We didn’t catch a break

8 We didn’t catch a break. That night, poor blighted “Alvin” hit the local news — anonymous tip, I was told — and the following morning, the entire investigation changed. Ollie was pulled into a phone conference with senior management ahead of a phone conference with the mayor’s office ahead of a press conference later that afternoon. Everyone else poked at their work the way Marigold pokes at food … Continue reading We didn’t catch a break

The police had taped off one side of the street

3 The police had taped off one side of the street. A patrolman directed a white delivery van around, and it slowed as I passed. Someone had hand-painted an irregular box on the asphalt in front of the grocer, twice as long as the van, with three-foot letters that looked like they were drawn in crayon. NO PArKInG. Red paper lanterns hung over the road … Continue reading The police had taped off one side of the street

Local politics lives and dies on two things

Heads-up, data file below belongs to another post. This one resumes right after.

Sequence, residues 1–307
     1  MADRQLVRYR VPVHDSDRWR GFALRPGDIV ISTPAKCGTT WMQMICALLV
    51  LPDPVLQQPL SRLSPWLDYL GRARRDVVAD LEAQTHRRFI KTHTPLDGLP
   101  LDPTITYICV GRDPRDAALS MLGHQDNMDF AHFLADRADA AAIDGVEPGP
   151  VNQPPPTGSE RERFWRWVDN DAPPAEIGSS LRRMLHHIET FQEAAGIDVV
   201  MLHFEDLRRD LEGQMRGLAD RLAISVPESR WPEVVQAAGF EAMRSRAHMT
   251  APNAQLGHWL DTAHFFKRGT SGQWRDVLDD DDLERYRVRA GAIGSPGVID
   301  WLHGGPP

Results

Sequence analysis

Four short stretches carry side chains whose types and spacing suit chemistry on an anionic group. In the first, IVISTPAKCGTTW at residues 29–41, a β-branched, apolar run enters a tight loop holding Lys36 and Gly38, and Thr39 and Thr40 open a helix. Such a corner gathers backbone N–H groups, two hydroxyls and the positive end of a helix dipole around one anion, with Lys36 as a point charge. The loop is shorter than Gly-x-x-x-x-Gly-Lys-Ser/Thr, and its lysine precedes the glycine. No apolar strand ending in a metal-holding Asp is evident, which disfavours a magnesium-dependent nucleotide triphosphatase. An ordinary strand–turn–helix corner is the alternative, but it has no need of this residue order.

2 It was like walking into a convention. The door at the back opened to a busy lecture hall. Stepwise rows of long tables faced the white boards at the front. The folks scattered about the chairs were looking at their phones or talking to each other in hushed voices while the single speaker, a full-figured black woman in a maroon dress suit, pointed to … Continue reading Local politics lives and dies on two things

I saw my first dead body the summer we moved to Atlanta

1 I saw my first dead body the summer we moved to Atlanta. We’d been living in Greenville with my mom’s second husband, who just up and left one day and Mom said there wasn’t any reason for us to stay. Terence. That was his name. Everyone called him “BeeGee,” for Big Goon. That man could eat. I suspect eating big was the only reason … Continue reading I saw my first dead body the summer we moved to Atlanta